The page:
Religious Zionism remains in danger of being led into the wilderness by zealots. Problems within modern Orthodoxy persist as religious Zionists search for explanations about the conditions that gave rise to Yigal Amir, his teachers and sympathizers.
Despite good intentions and a deep religious commitment, post-1967 religious Zionists and their institutions have produced a generation or more of young people, many of whom totally misunderstand or reject the intent of the founders of modern Zionism.
They opt to delegitimize a government with which they disagree, demonize its leaders, disregard democratic values that conflict with their own ideology and, in the extreme, resort to criminal behavior. The tragedy of these decisions is compounded because they are conducted in the name of God.
Religious Jews' ideological point of departure is the belief that Israel is the biblical birthplace of Judaism, the covenantal homeland for all Jews, given to them by God. The Jewish people were cast into dispersion due to the sins of their ancestors. Through good deeds and following God's law, the messianic age will occur — eventually. At the same time, these "modern" Orthodox Jews affirmed the Zionist dream to return now to Zion, to rebuild the promised land — not to await the coming of the Messiah. For many of them — unlike their ultra-religious brothers and sisters — Zionism became another way to help hasten the coming of the Messiah.
They combined their religious beliefs with their nationalism. Subsumed within their view was the hope for a messianic age and the ingathering of all the Jewish people into the Land of Israel.
All Jews, religious and secular, believed that the rebirth of the modern state of Israel might be the answer to the biblical eschatological vision. Among the religious Zionist community, the miraculous military triumph of the Six Day War triggered a renewed sense that the state of Israel truly was the forerunner of the messianic age. It even led some to conclude that the coming of the Messiah was around the corner.
It was this unbridled messianic vision carried to excess that overcame many religious Zionists and contributed to the Rabin assassination.
The notion of the coming of the Messiah was fueled by youthful enthusiasm coupled with charismatic rabbinic leadership that ignored political realities in the name of theological truisms. Settling the West Bank (Yehuda and Shomron) became a natural extension of this view. For them, slogans such as "Two Banks to the Jordan River," "The People, Together with the Golan," "Hebron, From Then and Forever," etc., took on not only political but religious meaning.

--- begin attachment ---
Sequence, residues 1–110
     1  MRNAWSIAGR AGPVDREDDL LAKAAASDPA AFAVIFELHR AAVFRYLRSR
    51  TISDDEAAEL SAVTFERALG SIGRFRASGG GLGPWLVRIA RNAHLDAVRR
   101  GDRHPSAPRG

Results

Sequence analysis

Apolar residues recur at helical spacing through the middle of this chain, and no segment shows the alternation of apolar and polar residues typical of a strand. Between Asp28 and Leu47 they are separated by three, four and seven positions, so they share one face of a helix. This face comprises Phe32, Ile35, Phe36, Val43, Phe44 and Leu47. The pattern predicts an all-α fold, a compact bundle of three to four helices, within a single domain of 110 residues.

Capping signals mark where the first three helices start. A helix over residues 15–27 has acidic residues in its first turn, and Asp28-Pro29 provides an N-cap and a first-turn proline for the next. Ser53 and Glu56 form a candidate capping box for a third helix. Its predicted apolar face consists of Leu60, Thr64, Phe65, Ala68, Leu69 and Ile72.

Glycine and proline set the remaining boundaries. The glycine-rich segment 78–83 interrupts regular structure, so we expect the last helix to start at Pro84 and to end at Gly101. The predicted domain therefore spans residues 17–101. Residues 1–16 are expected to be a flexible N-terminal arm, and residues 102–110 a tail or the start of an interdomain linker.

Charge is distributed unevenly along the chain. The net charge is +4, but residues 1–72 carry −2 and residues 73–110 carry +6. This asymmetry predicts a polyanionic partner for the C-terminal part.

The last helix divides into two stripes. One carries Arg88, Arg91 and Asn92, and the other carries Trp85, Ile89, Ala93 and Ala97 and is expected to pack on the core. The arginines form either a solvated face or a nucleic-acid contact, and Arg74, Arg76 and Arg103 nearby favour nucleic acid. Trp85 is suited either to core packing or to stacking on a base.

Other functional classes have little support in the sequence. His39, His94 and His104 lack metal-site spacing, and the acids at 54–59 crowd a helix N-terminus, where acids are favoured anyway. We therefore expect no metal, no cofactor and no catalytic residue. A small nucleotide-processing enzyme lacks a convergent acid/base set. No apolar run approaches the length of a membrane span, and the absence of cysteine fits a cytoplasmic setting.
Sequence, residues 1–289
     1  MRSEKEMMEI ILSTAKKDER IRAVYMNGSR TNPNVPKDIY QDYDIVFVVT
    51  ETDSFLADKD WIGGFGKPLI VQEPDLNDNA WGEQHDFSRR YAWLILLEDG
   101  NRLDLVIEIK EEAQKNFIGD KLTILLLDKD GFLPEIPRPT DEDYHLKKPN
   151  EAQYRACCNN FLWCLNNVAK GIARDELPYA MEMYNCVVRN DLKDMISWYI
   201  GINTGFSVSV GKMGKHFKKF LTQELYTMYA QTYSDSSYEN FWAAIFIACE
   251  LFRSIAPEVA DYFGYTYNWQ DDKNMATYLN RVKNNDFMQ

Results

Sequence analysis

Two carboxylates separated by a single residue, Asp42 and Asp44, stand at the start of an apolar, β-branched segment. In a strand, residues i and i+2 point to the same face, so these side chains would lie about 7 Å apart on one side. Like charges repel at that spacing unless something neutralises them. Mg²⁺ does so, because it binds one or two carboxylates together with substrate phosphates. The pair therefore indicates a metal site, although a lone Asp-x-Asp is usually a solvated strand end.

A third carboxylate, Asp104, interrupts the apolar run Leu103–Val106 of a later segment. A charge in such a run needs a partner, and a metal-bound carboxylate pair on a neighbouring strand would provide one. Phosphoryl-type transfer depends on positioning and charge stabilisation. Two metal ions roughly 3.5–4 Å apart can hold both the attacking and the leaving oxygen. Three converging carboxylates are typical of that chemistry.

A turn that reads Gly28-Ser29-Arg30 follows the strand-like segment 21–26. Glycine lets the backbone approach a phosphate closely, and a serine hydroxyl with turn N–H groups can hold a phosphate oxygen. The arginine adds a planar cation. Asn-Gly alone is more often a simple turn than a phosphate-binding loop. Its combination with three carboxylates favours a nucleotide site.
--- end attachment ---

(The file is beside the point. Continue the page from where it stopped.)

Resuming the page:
After the Begin government's withdrawal from Yamit in 1979, many religious Jews vowed never again to permit the return of land that was part of the divine promise to the Jewish people.
Led by Rav Zvi Yehuda Kook from Yeshivat Mercaz Harav Kook and his "bloc of the faithful" (Gush Emunim) followers, this ideology became the dominant thinking of the National Religious Party. Its leaders argued, contrary to numerous other rabbinic authorities, that the military victory of 1967 must be seen as a harbinger of messianic times. All political decisions thus were to be considered strictly in terms of their ability to accelerate the advent of the Messiah. Territorial compromise violated this essential tenet.
At the same time that religious fundamentalism of the Gush Emunim variety was capturing the mind and soul of many religious Zionists.
On a different track, the Chabad movement was growing rapidly throughout the world.
Using hundreds of extraordinarily dedicated and committed emissaries (shlichim), Lubavitcher Chassidim carried the word of the Torah and good deeds (mitzvot) to the non-affiliated. Especially during the late 1980s and into the '90s, even while the Lubavitcher rebbe was in good health, efforts were made by his followers to suggest that the Moshiach, the Messiah, was indeed on his way and the rebbe himself either was or might be the Moshiach.
Among the many supporters of the Lubavitch movement in America are a significant number of modern Orthodox. Although not themselves followers of the rebbe nor necessarily believing that the rebbe was the Messiah, many religious Zionists related to Lubavitch out of nostalgia or because of Chabad's spirituality and emotionalism.
In addition, the messianic dimension among Chabad, while very different from Gush Emunim, did not present a conflict for Gush Emunim followers. As a result, any religious Zionists were ripe to accept an anti-modern, anti-rational, fundamentalist approach and take it to its logical conclusion.
It is clear as we approach the end of the 20th century that one element within the modern Orthodox world has gone astray. Judaism, like all the major religions, faces a very serious fundamentalist challenge. Religious Zionism, at best, has drifted from its pre-1967 dream. Contemporary Israeli politics, severely challenged by the messianists, has sought to keep its focus on being a modern Jewish state with a commitment to Jewish religious values and not one manipulated by spiritual zealots.
The political crisis for religious Zionism is genuine. If modern Orthodox Jews are to play a significant role in the future of the state of Israel, they must be prepared to place their messianic vision within the context of political reality.
If Gush Emunim and Chabad messianism continues to drive religious Zionism, the marginalization of modern Orthodoxy will be complete and the modern Jewish state will lose any hope of benefiting from the ethical teachings of religious Zionism.